Whatever happened to budgeting? Getting a spreadsheet, a calculator, and planning your life. My grandpa showed me once, I did it until I was 18, and then it all went out the window.
The simple fact is that spending has gotten messier. It’s more sporadic because we’re always an advertisement and a one-click buy away from breaking our budget. Practically the only extraneous spending we can account for is the Netflix and AmazonPrime subscriptions. And let’s be real, we all buy them and forget we even have.
The confusion that’s come out of financial planning today makes people want something easy. Something they can set, forget, and hit every financial goal. They want autonomous finance.
Autonomous Finance Apps
For a while, I’ve had this idea of an insanely simple, digital tool that would manage all things money-related for a person. Paying bills, saving for retirement, building credit, investing, even finding part-time work. Anything you can imagine, this app has it. I’ve always had trouble communicating how it would work, though.
Until I read Andreessen Horowitz’s piece called Google Maps for Money:
When you enter your desired destination into Google Maps, the app plots out the fastest, most efficient route, even adjusting for traffic and coffee stops along the way. You don’t even need to enter your current location – Google Maps already knows where you are.Angela Strange, a16z
What if that same predictive software existed for our finances? Imagine a future where you could outline your goals as a student – say, graduate, move to your dream city, save for a house, plan for kids – and an app would execute your optimal financial plan, rerouting and adjusting for “traffic” along the way.
It’s so vividly helpful. Who wouldn’t want to use the Google Maps for Money?
There are countless ways companies are applying software personal finance.
Digital platforms like Esusu help you save and build credit with groups of friends. Wallit acts as a family banking and wealth building tool. Credit cards, like Petal, actually tell you when you’re out of your spending league.
I’m particularly drawn to Hello Digit. Mostly because it is the rudimentary version of autonomous finance. You set financial goals, input your monthly costs and revenues, and it analyzes the rest of your spending to predict what amount of money you can afford to save every day. This makes it more advanced, analytically than an app like Acorns.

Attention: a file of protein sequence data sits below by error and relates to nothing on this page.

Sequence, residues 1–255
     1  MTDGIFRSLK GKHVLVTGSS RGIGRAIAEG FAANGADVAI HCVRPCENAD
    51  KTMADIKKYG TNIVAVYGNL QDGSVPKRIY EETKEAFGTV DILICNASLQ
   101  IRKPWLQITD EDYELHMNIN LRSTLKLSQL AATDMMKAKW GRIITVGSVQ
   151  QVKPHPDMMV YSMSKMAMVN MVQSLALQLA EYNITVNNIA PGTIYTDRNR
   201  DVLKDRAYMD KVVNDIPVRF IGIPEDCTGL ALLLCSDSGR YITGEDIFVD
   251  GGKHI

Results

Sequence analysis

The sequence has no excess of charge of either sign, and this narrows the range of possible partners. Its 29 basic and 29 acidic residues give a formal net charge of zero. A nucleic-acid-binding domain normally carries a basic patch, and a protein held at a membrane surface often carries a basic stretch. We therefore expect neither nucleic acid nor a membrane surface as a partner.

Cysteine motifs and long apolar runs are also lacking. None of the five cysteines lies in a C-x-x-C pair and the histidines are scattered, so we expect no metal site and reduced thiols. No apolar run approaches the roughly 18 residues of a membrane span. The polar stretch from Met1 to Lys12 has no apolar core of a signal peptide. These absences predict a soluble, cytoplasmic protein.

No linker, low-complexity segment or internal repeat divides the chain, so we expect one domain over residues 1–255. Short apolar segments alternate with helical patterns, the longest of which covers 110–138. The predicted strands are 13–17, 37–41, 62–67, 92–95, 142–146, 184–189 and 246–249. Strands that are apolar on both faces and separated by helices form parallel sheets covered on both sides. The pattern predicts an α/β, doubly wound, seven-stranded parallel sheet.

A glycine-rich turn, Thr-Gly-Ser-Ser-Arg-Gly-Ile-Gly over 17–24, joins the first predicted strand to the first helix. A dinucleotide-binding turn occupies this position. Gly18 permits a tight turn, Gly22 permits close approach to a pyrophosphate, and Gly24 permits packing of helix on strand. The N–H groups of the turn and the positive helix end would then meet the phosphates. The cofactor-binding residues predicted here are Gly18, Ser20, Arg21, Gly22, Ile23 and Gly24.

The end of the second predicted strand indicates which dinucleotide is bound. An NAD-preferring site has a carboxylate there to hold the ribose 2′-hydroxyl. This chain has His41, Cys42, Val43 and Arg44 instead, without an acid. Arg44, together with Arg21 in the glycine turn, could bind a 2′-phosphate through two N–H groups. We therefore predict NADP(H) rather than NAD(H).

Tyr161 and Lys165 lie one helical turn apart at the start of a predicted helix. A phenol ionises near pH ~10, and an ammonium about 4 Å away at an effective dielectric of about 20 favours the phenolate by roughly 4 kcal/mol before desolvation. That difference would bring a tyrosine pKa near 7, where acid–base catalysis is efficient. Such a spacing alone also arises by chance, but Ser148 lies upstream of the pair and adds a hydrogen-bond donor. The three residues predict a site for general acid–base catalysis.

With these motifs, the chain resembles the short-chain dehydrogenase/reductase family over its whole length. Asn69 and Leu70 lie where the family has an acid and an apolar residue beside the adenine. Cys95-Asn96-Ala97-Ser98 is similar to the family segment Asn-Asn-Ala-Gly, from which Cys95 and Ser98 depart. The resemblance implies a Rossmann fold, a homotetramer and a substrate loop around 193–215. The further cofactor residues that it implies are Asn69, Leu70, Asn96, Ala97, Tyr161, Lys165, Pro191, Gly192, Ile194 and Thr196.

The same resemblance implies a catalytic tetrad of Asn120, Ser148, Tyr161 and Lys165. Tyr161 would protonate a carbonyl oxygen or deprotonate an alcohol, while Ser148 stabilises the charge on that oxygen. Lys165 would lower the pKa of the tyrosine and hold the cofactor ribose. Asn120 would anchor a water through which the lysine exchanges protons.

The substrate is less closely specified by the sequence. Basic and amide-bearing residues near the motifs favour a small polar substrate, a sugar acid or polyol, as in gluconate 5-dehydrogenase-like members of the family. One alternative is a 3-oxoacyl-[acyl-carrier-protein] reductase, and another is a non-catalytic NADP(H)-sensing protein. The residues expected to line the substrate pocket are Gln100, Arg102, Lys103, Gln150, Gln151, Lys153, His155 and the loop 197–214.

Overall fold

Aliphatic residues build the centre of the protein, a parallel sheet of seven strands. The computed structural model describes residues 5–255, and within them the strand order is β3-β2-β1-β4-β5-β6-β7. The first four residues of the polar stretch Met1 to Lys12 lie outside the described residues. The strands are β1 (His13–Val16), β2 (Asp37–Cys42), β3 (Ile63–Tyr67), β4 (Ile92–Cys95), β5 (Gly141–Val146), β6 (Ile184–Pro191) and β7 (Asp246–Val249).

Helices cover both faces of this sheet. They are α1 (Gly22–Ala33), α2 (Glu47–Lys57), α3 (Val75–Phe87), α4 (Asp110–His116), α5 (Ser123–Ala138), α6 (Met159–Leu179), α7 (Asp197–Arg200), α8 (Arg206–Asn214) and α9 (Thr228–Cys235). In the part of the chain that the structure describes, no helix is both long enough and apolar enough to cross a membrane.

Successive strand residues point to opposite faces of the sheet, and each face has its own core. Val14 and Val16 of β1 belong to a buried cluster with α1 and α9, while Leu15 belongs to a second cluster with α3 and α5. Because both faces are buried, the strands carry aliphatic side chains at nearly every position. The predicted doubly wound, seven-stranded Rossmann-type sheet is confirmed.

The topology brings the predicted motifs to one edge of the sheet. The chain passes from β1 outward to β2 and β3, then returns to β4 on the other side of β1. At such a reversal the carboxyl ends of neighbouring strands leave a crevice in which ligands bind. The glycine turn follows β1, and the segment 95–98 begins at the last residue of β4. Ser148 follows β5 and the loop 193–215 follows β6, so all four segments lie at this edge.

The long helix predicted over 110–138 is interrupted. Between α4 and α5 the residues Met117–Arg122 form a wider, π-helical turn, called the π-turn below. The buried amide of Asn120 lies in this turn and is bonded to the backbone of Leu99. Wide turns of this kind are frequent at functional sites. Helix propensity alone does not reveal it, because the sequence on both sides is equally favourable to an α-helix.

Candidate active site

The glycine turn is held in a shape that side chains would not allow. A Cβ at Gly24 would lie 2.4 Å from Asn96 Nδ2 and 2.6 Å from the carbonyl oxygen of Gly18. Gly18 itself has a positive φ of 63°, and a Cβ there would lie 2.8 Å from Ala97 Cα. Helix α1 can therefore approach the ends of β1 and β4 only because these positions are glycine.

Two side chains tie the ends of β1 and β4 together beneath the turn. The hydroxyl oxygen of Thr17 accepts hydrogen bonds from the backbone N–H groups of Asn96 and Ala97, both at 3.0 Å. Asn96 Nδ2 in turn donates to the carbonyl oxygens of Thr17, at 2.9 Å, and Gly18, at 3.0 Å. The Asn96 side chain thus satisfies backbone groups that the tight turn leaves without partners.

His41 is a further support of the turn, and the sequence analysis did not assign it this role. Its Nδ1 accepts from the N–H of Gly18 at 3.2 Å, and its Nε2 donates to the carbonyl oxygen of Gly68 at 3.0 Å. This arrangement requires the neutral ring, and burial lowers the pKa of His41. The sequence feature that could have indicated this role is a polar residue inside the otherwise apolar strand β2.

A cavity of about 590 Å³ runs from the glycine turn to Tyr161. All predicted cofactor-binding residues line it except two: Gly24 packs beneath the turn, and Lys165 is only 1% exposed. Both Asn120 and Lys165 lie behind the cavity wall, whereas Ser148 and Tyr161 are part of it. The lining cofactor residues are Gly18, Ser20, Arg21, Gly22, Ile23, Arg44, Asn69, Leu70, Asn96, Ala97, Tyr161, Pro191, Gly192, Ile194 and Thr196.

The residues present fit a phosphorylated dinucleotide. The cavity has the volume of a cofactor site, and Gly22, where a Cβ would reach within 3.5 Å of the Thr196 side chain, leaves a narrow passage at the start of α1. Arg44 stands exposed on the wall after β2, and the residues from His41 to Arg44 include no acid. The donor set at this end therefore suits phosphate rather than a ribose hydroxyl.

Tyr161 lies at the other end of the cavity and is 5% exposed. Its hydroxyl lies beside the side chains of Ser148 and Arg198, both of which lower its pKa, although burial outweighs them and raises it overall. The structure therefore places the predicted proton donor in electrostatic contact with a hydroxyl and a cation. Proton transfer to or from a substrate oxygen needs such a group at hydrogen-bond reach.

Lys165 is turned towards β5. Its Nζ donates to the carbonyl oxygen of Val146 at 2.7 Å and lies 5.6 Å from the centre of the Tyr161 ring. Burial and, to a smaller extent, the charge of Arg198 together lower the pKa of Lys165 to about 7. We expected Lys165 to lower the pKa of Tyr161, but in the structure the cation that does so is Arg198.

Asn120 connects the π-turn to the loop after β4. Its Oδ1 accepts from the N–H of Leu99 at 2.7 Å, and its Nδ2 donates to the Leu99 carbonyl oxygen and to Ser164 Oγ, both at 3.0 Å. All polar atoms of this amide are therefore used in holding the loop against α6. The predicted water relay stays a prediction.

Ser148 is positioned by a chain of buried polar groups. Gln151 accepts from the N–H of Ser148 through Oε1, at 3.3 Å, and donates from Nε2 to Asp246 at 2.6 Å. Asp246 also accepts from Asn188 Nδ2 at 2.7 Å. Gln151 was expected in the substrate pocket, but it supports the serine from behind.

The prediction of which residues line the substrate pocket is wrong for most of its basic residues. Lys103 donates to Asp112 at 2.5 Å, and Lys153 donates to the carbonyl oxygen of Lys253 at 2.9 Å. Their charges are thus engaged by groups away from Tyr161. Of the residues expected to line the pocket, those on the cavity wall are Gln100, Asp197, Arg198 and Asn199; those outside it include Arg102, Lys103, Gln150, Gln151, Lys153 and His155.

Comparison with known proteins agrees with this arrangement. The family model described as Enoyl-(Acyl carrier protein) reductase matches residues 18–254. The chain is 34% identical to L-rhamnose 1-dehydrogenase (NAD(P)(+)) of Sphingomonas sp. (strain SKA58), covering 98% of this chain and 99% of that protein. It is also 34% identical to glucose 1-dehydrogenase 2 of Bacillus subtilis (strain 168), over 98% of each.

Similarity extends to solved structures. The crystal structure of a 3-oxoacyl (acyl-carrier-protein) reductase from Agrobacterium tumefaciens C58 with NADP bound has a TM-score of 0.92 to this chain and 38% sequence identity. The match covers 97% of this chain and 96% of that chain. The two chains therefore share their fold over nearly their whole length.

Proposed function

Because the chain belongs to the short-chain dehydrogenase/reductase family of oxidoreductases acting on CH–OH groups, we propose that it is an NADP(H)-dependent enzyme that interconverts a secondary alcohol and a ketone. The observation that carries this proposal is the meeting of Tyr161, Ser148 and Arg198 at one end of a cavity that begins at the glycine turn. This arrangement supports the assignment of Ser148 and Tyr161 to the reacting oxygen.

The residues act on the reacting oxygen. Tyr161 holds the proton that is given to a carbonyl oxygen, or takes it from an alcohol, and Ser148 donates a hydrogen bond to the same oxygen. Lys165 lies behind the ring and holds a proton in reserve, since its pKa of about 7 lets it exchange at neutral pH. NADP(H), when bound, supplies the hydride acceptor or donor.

These early iterations of autonomous finance apps are intriguing, but still missing some features.
In order to become Google Maps for Money, we’ll need to include far more financial inputs.
Auto-finance could sign you up for insurance or transfer you to the most advantageous policy. If you’re an independent contractor, it could regulate your finances, including tax withholding, benefits, and savings. It could assist small businesses in optimizing cash flow.Angela Strange, a16z
It’s not all about spending and savings, either. What about earnings?
Outside of getting an entirely new job, Gig work is perfect for supplementing one’s income. Why not create a function that pings users when a certain Gig is available to help them reach their goals:
Personally, I think that within the next 3-5 years, we will really benefit from having a Gig Economy Aggregator to help people manage all of their gigs.Is This the Gig Economy We Wanted?
Basically, the interface would connect all of the gig platforms and act as a scheduler for users. The user sets their own hours of operation, skills and capabilities, and ideal earnings. The Gig Aggregator then creates a schedule that gets the user as close to their specs as possible.
This would alleviate the stress that full-time gig workers have with handling multiple gig accounts at once.
The Steady App gives a minor glimpse into how this might work out – that is, an app that helps you find work and save money. But it’s nowhere near the expansiveness of the part-time job/gig market out there.
We’re many years away from seeing an autonomous finance app that combines everything money-related into one interface. In the meantime, explore all the nifty apps for investing, saving, building credit, etc. that are out there. Because there are some very interesting approaches.